Mugabe’s platform blames Western imperialism and Gay people for his nation’s problems, which include 80% unemployment, 16,000% inflation and mass hunger. Similar tactics are employed by Peter Akinola, Anglican Archbishop of Nigeria and spiritual father to right-wing White Americans trying to destroy the Episcopal Church and steal our property.

Akinola, Kunonga and Mugabe: repent!++

May 15, 2008

NYT: Zimbabwe Unleashes Police on Anglicans

The New York Times online reports the following:

By CELIA W. DUGGER
Published: May 16, 2008

JOHANNESBURG — The parishioners were lined up for Holy Communion on Sunday when the riot police stormed the stately St. Francis Anglican Church in Harare, Zimbabwe’s capital. Helmeted, black-booted officers banged on the pews with their batons as terrified members of the congregation stampeded for the doors, witnesses said.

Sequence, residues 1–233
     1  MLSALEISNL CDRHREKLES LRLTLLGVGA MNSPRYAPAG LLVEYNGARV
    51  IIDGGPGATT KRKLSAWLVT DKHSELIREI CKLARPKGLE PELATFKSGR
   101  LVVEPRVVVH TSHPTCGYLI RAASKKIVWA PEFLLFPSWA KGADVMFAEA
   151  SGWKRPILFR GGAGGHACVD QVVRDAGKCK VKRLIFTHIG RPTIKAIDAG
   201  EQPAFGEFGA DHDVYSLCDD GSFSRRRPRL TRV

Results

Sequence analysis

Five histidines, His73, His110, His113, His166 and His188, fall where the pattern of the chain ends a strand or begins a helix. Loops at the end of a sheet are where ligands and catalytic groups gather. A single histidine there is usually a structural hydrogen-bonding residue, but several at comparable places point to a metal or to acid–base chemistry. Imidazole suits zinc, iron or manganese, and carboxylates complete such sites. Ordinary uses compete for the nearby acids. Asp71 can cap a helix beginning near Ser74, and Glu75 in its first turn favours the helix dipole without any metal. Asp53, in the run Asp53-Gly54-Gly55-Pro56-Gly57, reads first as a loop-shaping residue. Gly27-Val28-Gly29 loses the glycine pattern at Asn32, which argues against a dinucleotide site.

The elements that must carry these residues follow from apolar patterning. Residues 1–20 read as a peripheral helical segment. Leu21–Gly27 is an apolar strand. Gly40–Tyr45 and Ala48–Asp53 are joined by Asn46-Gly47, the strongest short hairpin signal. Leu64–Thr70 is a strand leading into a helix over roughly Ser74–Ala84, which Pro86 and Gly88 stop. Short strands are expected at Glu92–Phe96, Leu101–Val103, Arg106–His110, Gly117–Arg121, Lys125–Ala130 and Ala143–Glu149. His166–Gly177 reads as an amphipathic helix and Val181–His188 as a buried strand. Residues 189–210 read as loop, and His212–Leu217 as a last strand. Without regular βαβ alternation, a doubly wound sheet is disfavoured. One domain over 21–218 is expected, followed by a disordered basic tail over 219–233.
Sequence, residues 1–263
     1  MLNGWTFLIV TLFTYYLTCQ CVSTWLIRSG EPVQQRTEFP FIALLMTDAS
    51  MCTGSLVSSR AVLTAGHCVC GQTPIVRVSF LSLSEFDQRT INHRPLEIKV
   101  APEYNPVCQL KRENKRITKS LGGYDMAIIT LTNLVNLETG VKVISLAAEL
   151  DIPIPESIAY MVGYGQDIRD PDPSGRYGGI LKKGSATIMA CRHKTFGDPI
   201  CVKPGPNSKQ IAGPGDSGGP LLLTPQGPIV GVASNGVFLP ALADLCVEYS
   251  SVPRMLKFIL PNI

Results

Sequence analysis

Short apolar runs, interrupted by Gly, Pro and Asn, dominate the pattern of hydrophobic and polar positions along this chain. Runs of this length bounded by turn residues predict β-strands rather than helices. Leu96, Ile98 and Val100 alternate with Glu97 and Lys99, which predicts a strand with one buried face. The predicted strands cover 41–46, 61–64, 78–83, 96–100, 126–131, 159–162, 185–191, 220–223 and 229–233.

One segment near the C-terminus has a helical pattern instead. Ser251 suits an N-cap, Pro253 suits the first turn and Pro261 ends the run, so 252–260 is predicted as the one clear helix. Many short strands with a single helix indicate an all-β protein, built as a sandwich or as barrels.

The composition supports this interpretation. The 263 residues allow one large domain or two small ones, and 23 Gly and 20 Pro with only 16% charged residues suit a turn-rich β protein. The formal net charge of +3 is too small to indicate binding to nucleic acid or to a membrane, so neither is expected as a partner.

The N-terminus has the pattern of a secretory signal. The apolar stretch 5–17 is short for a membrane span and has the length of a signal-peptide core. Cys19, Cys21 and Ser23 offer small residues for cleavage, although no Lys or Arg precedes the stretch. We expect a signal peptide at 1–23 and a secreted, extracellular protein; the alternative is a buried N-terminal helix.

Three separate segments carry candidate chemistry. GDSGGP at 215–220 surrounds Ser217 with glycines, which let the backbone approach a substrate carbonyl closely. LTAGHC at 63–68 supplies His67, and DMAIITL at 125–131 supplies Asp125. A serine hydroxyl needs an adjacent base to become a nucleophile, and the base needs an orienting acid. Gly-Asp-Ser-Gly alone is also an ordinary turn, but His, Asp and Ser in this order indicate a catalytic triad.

A policeman swung his stick in vicious arcs, striking matrons, a girl and a grandmother who had bent over to pick up a Bible dropped in the melee. A lone housewife began singing from a hymn in Shona, “We will keep worshiping no matter the trials!” Hundreds of women, many dressed in the Anglican Mothers’ Union uniform of black skirt, white shirt and blue headdress, lifted their voices to join hers.

Beneath their defiance, though, lay raw fear as the country’s ruling party stepped up its campaign of intimidation ahead of a presidential runoff. In a conflict that has penetrated ever deeper into Zimbabwe’s social fabric, the party has focused on a growing roster of groups that elude its direct control — a list that includes the Anglican diocese of Harare, as well as charitable and civic organizations, trade unions, teachers, independent election monitors and the political opposition.

Anglican leaders and parishioners said in interviews that the church was not concerned with politics and that it counted people from both the ruling party and the opposition in its congregations. Yet the ruling party appears to have decided that only Anglicans who follow Nolbert Kunonga — a renegade bishop in Harare who is a staunch ally of President Robert Mugabe — are allowed to hold services.